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NY 867396

Oct 25, 1991

CLA-2-44:S:N:N1:230 867396


Ms. Loretta Kruse
Anthony Villanueva & Co., Inc.
9375 Customhouse Plaza, Suite J
Otay Mesa, CA 92173

RE: The country of origin marking of wooden shutters painted in Mexico

Dear Ms. Kruse:

In your letter dated September 19, 1991, you requested a ruling on the country of origin marking of American wooden shutters painted in Mexico. The request was made on behalf of your client, Ohline Corporation of Gardena, California.

The shutters are manufactured in the United States. They are exported to Mexico for the sole purpose of painting. Photographs submitted by you show that the shutters are completely formed and assembled when exported. In Mexico, the shutters are surface finished by applying a barrier coat, a primer coat and a top coat and by sanding. The finished painted shutters are then reimported into the United States where hardware is attached and where they are packaged for shipping to the ultimate purchaser.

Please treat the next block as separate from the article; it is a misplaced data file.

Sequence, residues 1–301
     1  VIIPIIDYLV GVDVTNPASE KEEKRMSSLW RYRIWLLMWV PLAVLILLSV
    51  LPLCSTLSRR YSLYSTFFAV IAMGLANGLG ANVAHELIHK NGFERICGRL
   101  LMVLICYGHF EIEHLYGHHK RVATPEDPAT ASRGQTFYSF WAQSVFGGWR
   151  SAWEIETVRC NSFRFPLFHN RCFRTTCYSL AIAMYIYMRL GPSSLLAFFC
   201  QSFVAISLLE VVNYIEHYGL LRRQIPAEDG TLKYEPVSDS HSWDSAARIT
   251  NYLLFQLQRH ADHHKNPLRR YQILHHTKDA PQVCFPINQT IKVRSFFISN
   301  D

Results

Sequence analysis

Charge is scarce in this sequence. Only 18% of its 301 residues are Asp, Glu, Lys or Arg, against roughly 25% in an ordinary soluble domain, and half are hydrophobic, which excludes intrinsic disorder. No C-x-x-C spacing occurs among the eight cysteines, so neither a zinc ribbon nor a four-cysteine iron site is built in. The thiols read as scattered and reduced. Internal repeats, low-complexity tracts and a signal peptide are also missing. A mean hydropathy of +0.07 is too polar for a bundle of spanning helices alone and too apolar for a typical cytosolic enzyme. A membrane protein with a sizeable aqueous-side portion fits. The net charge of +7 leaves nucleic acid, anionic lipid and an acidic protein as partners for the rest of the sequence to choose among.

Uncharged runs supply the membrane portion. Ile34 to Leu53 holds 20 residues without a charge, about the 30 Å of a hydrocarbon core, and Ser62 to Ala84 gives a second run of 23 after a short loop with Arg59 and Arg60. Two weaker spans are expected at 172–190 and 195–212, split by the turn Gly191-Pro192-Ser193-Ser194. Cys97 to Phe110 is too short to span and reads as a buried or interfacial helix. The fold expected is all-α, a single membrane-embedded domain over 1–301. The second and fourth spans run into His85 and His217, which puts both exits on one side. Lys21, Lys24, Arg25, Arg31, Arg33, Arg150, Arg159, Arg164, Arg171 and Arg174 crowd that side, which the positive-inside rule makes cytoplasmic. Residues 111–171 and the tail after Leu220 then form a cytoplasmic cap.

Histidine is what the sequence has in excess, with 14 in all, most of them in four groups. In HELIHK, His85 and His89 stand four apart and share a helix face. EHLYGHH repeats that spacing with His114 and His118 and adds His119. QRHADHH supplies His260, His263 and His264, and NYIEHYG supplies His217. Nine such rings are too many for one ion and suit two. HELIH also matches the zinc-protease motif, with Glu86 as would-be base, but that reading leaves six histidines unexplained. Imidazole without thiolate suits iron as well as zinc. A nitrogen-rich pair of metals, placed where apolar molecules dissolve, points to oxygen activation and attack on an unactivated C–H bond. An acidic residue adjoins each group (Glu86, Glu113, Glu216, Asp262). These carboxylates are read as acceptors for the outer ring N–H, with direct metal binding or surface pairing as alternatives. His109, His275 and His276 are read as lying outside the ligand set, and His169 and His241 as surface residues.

Part 134, Customs Regulations (19 C.F.R. 134), sets forth the country of origin marking requirements. Section 134.1(b), C.R., defines country of origin as the country of manufacture, production or growth of any article of foreign origin entering the U.S. Further work or material added to an article in another country must effect a substantial transformation in order to render the other country as the country of origin.

The shutters are completely manufactured when exported from the United States. They are only surface finished by painting in Mexico. Such a finishing operation does not constitute a substantial transformation. A new and different article, having a different distinctive name, character or use is not formed by the painting.

Accordingly, the country of origin for the wooden shutters which are reimported after having been painted in Mexico remains as the United States. As products of the United States, they may be excepted from being marked under the provisions of Section 134.32(m), C.R.

This ruling is being issued under the provisions of Section 177 of the Customs Regulations (19 C.F.R. 177).

A copy of this ruling letter should be attached to the entry documents filed at the time this merchandise is imported. If the documents have been filed without a copy, this ruling should be brought to the attention of the Customs officer handling the transaction.


Jean F. Maguire

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